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Oxford to Emory Transition: Part 3 of 3

This is the third of a three-part series. Read part 1 here, and part 2 here.

Well hello there! Glad to see you are still with me for this three-part explanation of the Oxford to Emory transition. There are ups and downs to be expected with any major change in life, and you are equipped to handle all of them—especially coming from Oxford.

You’ve made it to the last installment of my thoughts. We’ve covered the good and the challenging, and now we’ll look at the Works in Progress. Even though you’ll settle into life in Atlanta pretty quickly, you’ll still struggle with some things. Those things will be different for every person who decides to commit to the campus transition experience. Here are the things that I am still working on as an Oxfordian living in Atlanta.

Let the finale begin!

I’ve found that since Oxford cultivates such a study intensive environment, I sometimes fall into that routine even though I’m not there anymore. Though Atlanta is super accessible now that I live here, I still forget to participate in it sometimes. There are school shuttles, Lyfts, Ubers, and friends with cars that will take you to any attraction in the city. Being in Atlanta doesn’t mean staying only at the Atlanta campus. Unless you plan on living in Atlanta after graduation, you might not get a chance to freely explore the city for a while. You got into Atlanta, now go out there and explore it!

While you’re at it, go to more events too. Emory’s Atlanta campus (just like the city) has events happening constantly, and you should take advantage of that while you’re here. You’re only on this campus for two years; you don’t have a lot of time to waste getting comfortable. Take it from me, I wish I had jumped in with two feet instead of taking the stairs. I’m continuing to make new friends and keeping an eye on the events calendar, so hopefully I’ll see you out on the town soon!

Also, don’t just stick to the one study spot you found during your first week here. There are so many more spaces available to you, like the Law Library or the School of Medicine. Change it up! I get stuck in the familiar because it’s easier than admitting that I still don’t know everything about this campus. I have a specific table in a specific coffee shop on a specific floor in the library, but it’s time to branch out—maybe the chemistry building? I’ll let you know.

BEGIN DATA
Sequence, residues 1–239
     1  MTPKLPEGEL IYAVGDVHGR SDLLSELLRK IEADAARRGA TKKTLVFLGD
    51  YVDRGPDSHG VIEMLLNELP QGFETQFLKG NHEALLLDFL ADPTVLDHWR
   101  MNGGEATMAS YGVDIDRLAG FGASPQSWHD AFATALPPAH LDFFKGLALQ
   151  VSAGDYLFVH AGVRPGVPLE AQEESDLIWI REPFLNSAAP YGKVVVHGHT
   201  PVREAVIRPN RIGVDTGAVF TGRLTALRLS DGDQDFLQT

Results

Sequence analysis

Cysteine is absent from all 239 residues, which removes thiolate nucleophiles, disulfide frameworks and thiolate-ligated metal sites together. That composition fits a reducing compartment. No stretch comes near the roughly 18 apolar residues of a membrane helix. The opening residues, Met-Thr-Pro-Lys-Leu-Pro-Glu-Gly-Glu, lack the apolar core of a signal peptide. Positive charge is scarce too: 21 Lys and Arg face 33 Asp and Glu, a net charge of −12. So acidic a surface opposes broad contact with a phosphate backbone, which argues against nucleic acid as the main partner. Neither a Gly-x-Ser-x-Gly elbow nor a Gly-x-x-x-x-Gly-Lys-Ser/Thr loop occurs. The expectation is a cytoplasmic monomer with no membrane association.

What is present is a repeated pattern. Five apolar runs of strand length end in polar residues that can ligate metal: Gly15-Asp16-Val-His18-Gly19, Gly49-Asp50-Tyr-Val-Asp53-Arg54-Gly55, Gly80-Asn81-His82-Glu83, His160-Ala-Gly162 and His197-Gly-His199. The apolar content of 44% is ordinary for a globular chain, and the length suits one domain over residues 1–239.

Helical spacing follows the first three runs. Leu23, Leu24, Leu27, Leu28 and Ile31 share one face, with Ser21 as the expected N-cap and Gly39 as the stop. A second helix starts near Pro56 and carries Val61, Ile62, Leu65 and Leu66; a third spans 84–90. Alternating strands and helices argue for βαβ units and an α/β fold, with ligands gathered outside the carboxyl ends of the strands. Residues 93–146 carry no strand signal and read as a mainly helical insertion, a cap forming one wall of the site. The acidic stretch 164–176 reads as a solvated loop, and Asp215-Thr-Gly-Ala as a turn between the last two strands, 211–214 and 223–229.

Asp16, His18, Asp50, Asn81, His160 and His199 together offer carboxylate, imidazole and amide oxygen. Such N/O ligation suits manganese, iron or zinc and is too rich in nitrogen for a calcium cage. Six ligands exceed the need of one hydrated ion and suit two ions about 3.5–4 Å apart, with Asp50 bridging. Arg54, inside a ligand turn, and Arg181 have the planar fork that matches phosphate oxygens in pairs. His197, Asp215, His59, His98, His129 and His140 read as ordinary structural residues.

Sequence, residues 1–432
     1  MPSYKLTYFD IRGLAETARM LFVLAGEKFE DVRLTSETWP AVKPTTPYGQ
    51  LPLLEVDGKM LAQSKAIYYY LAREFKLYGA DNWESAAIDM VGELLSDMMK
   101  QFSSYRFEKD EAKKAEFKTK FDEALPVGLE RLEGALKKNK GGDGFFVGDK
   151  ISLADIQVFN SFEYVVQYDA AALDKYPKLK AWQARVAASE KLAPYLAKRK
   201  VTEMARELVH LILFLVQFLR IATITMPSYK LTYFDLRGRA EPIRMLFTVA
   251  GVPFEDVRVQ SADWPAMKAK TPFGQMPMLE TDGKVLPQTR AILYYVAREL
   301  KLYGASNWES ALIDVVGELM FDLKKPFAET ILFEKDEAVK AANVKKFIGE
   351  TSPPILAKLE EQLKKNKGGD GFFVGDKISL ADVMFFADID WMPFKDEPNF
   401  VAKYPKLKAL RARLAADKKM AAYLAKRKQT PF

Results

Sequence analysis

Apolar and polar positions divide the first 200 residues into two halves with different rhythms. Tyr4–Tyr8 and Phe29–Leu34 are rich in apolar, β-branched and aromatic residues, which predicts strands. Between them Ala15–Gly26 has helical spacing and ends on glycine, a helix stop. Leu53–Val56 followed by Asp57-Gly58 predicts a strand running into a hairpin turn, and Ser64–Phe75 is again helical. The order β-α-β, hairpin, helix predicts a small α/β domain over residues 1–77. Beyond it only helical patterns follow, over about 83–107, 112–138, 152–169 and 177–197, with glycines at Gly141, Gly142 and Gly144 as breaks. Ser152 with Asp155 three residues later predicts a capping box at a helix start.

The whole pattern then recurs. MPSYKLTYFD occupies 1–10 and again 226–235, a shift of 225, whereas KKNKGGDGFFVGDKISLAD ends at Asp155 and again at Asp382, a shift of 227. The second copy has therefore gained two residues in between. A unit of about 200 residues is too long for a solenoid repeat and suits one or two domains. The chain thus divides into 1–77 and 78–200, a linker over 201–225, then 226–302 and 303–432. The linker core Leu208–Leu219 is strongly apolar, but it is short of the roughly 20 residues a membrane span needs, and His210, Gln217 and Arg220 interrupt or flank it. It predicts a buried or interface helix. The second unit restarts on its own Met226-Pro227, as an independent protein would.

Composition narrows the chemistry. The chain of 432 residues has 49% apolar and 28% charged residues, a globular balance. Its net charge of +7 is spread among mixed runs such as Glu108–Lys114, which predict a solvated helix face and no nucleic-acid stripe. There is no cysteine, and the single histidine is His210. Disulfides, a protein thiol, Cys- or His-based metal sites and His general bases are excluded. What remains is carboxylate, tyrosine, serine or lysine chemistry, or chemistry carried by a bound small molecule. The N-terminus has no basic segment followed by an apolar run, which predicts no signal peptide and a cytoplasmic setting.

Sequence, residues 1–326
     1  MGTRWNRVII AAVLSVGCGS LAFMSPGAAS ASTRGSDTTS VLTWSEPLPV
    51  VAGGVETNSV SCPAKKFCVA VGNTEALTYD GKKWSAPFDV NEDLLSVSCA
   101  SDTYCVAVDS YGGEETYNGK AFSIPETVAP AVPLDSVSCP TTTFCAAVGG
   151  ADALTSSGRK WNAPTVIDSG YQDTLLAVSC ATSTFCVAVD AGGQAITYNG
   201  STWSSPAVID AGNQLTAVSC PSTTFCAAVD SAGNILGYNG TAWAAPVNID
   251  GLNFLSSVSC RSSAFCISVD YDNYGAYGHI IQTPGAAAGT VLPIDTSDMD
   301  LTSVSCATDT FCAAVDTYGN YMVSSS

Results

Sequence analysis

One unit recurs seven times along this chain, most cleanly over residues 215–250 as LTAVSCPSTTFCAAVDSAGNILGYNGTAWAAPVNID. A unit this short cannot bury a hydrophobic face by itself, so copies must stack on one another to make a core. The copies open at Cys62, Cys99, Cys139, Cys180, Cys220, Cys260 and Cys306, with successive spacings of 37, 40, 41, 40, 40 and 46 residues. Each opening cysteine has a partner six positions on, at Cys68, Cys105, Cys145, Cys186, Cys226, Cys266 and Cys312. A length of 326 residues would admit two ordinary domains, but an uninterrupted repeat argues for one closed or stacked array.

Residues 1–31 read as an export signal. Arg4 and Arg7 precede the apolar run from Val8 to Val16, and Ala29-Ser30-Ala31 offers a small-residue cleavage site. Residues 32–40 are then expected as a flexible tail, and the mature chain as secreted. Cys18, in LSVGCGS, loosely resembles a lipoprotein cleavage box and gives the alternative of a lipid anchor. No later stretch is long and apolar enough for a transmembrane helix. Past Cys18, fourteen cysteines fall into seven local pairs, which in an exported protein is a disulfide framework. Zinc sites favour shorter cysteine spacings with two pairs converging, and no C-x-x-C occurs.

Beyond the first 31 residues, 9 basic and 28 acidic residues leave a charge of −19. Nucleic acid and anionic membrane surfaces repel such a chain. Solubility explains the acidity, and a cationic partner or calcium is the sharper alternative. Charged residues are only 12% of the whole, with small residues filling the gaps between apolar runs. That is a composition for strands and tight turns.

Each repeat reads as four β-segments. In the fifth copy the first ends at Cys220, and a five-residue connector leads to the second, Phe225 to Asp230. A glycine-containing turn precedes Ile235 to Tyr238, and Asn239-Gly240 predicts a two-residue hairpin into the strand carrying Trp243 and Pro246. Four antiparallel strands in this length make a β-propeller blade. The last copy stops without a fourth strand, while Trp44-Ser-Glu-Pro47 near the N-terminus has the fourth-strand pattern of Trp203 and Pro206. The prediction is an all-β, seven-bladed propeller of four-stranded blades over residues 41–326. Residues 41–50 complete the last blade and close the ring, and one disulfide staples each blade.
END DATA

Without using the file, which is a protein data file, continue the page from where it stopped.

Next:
Speaking of the familiar, Oxford is still part of Emory University so you aren’t nose-diving into a brand-new world even though it can feel like that at first. Once I found my footing, I realized that studying, seeing my friends, and doing my own thing was all the same here as they were at Oxford. Emory is Emory no matter which campus you’re on, so know that you’ll be back to your routine soon enough.

Lastly, SLOW DOWN! If you decided to go to Oxford for your first two years, that means your last two spent on the Atlanta campus are exactly that: your last two years. As cheesy as it sounds, go smell those roses. I’m nearing the end of my junior year and I can’t tell you how nostalgic I feel about leaving my life at Emory. It’ the small things that trigger my nostalgia: when I groggily step off the Clairmont shuttle at 8 AM and glance up at the School of Medicine, when I walk from Woodruff Library to White Hall in the Spring and feel the petals falling from overhanging trees, when I finally look up from my books in the Matheson Reading Room or the Rose Library and take in the scene around me. Coming to the Atlanta campus from the Oxford campus doesn’t give you much time to overlook the little things.

So, future Oxfordian, my best and final piece of advice: Time is limited, but you are not. If you want to do it, you can do it. College is a time for exploring different pathways. I don’t think you can get more exploratory than these two campuses in just four years.


Jessy DeFrancisco 17OX 19C
Lake Wylie, SC

Media Studies and Creative Writing



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